In 1824, Caroline Augusta’s half-sister Sophie married her stepson Franz Karl. Her husband’s eldest son was Archduke Ferdinand, but he suffered from epilepsy and hydrocephalus, and he had a speech impediment. Thus, it was up to Franz Karl and Sophie to provide the next generation of Habsburgs. Caroline Augusta had promoted the match and wrote to her brother Ludwig, “I’m beside myself with joy. It’s like I have two lives now.”8 The two sisters, whose age difference had once meant that they barely knew each other, now had a new chance at getting to know each other, and Caroline Augusta helped Sophie settle in.
Sophie provided the Habsburgs with four sons, including the future Emperor Franz Joseph I and the future Emperor Maximilian I of Mexico, and a short-lived daughter. After the birth of Franz Joseph, Caroline Augusta wrote, “Good God, those were 43 terrible hours spent in agony, and we are all broken.”9 Francis was delighted by these grandchildren in his final years, and Caroline Auguste adored them as well. Sophie was now “her dear sister and daughter-in-law.”10
On 2 March 1835, Caroline Augusta’s happy marriage came to an end with the sudden death of her husband. At the end of February, he had suddenly become very ill with pneumonia. He began to set his affairs in order and even left a blank clause in his will where the name of Klemens von Metternich, Chancellor of the Austrian Empire, could be filled in so that the inept Ferdinand would have to take his advice. He also asked his son to take care of Caroline Augusta. Caroline Augusta continued to hope for a miracle, even after the Extreme Unction was given. It was no use – Francis died at the age of 67. For a long time, she prayed by the side of the bed.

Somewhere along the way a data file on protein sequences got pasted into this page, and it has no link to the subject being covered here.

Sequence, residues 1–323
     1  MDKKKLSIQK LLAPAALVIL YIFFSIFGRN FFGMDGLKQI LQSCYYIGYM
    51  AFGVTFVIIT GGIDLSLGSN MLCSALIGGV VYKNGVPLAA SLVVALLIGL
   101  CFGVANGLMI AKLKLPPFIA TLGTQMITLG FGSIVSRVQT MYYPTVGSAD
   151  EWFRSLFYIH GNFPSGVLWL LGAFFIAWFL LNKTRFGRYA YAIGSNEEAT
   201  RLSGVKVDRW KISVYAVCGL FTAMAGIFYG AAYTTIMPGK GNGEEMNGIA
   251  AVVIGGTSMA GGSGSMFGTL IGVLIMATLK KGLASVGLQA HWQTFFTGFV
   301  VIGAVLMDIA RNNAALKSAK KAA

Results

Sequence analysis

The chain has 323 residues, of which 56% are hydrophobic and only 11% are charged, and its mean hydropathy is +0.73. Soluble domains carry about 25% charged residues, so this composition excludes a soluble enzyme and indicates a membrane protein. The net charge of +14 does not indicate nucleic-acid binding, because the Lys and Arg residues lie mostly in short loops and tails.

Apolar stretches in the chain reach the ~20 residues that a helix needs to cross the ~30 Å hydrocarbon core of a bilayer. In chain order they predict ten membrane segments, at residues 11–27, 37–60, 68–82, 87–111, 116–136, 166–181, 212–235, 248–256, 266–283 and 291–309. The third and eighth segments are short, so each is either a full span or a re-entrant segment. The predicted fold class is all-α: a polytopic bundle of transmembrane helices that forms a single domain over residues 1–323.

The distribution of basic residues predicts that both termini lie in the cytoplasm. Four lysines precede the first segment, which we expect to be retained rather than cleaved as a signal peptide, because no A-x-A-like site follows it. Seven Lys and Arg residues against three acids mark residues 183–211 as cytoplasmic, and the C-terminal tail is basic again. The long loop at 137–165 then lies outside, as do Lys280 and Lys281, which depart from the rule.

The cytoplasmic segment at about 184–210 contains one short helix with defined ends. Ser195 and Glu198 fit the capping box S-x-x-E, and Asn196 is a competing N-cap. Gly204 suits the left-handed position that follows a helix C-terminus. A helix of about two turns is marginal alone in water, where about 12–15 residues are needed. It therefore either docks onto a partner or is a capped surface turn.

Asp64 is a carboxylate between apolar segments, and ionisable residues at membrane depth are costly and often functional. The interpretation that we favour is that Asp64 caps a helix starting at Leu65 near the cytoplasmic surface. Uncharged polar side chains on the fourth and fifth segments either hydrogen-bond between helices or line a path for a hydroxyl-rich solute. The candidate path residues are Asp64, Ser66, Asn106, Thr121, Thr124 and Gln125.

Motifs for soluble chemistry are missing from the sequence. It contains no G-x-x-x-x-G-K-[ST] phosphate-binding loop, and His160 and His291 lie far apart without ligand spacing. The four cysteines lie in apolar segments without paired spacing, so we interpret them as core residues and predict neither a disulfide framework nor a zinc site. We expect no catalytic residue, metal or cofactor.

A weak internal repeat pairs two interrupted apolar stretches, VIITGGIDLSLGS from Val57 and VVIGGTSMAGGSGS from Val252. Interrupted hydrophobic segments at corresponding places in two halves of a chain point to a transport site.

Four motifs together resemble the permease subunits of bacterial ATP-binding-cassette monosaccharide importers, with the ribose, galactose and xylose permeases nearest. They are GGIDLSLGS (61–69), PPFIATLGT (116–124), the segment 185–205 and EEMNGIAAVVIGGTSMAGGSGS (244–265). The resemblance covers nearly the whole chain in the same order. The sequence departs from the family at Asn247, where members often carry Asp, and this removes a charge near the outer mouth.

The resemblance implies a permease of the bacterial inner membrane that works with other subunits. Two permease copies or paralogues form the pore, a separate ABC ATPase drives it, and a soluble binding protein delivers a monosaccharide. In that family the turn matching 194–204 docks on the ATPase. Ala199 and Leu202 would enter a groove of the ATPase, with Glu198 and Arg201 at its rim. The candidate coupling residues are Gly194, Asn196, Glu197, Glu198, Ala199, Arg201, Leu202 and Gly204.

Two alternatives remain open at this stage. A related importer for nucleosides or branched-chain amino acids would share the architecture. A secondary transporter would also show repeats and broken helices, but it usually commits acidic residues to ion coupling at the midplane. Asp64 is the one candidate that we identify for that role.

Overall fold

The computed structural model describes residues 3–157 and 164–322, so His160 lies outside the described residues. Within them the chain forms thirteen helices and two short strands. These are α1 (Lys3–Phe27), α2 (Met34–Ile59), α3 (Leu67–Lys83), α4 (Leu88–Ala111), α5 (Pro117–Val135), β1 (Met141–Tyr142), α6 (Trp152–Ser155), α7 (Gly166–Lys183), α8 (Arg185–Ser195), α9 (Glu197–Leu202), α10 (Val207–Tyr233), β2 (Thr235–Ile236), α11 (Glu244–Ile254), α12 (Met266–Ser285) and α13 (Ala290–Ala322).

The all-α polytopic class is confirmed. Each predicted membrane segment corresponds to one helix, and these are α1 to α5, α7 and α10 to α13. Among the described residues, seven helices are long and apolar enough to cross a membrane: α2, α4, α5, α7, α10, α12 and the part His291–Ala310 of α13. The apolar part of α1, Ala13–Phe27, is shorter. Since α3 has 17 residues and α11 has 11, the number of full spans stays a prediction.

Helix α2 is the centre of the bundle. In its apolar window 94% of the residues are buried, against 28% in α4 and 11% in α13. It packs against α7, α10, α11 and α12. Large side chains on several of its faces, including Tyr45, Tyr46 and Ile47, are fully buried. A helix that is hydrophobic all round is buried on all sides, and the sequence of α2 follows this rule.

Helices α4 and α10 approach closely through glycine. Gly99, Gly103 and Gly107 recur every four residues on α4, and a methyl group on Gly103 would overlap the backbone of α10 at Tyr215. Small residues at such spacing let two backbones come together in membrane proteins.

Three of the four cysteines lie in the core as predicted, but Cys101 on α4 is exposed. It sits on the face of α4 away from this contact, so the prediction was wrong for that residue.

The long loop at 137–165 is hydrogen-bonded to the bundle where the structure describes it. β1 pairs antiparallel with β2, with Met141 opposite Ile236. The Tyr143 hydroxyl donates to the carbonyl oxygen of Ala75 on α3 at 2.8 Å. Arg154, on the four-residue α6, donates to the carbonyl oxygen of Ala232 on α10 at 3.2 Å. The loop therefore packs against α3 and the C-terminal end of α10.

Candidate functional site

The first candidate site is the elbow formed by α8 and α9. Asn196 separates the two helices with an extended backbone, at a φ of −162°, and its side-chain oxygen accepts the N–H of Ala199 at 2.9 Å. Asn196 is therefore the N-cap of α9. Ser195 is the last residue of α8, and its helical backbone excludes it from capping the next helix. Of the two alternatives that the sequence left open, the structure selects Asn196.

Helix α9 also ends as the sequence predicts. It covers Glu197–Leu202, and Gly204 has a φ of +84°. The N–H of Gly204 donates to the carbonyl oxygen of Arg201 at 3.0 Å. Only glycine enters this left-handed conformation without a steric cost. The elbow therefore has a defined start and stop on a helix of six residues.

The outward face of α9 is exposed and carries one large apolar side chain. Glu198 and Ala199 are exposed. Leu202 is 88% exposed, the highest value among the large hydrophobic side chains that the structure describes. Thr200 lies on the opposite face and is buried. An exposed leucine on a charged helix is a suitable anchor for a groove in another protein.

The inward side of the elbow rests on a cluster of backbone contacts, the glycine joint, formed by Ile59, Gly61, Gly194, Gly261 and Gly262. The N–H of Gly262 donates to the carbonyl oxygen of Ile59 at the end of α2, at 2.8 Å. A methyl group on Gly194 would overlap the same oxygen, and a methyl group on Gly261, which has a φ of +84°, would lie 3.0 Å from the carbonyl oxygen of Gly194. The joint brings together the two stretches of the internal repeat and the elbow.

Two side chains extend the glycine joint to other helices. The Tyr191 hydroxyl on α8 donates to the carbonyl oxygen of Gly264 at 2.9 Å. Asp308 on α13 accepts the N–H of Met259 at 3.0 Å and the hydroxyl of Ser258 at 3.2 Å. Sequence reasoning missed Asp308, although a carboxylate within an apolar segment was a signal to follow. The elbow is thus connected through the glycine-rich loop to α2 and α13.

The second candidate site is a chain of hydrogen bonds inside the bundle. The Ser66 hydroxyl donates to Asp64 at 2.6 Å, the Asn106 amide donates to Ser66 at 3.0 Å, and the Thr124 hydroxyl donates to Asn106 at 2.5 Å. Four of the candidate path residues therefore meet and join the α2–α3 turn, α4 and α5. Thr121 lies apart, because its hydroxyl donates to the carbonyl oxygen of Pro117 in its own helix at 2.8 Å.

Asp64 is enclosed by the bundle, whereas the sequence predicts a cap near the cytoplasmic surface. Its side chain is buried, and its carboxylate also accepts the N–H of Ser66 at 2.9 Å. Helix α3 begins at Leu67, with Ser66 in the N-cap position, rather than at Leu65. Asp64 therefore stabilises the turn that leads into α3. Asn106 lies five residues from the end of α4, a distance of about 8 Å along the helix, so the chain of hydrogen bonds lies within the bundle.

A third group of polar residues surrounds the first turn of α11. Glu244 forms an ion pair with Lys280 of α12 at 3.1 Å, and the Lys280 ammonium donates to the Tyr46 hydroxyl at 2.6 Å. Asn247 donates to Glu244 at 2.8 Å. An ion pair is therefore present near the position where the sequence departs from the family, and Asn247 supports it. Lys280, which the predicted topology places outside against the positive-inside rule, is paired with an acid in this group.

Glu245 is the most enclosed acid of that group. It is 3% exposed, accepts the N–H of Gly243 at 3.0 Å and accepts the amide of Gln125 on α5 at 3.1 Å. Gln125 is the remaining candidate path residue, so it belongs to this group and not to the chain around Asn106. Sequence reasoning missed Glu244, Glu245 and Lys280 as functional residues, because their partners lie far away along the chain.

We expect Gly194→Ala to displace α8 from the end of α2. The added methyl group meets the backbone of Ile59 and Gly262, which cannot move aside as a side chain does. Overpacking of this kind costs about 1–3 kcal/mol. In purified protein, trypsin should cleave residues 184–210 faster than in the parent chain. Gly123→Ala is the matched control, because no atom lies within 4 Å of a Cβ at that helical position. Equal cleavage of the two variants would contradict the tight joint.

After her husband’s death, Caroline Augusta set up court in Salzburg, where she continued her charitable work. Her husband was succeeded by his eldest son Ferdinand, but when he abdicated in 1848 in favour of his nephew Franz Joseph, Caroline Augusta only found out afterwards. She wrote to “Dear Franz” that she would pray for him.11 She also remained in contact with Ferdinand and his wife. However, as the years passed, Caroline Augusta became lonely, and she began to outlive her family.
In January 1873, she fell ill with a pulmonary catarrh with a severe fever, and as she had no appetite, she quickly deteriorated. On 9 February, the day after her 81st birthday, she died in Vienna. She was buried in the Imperial Crypt close to her husband and his three previous wives.
- Frauen auf Habsburgs Thron by Friedrich Weissensteiner p.78
- Ludwig I of Bavaria by Egon Caesar Corti p.153
- Frauen auf Habsburgs Thron by Friedrich Weissensteiner p.82
- Carolina Auguste, die Kaiserin-Mutter by Dr Cölestin Wolfsgruber p.109
- Frauen auf Habsburgs Thron by Friedrich Weissensteiner p.81
- Frauen auf Habsburgs Thron by Friedrich Weissensteiner p.83
- Frauen auf Habsburgs Thron by Friedrich Weissensteiner p.84
- Frauen auf Habsburgs Thron by Friedrich Weissensteiner p.89
- Frauen auf Habsburgs Thron by Friedrich Weissensteiner p.90
- Carolina Auguste, die Kaiserin-Mutter by Dr. Cölestin Wolfsgruber p.222
- Frauen auf Habsburgs Thron by Friedrich Weissensteiner p.96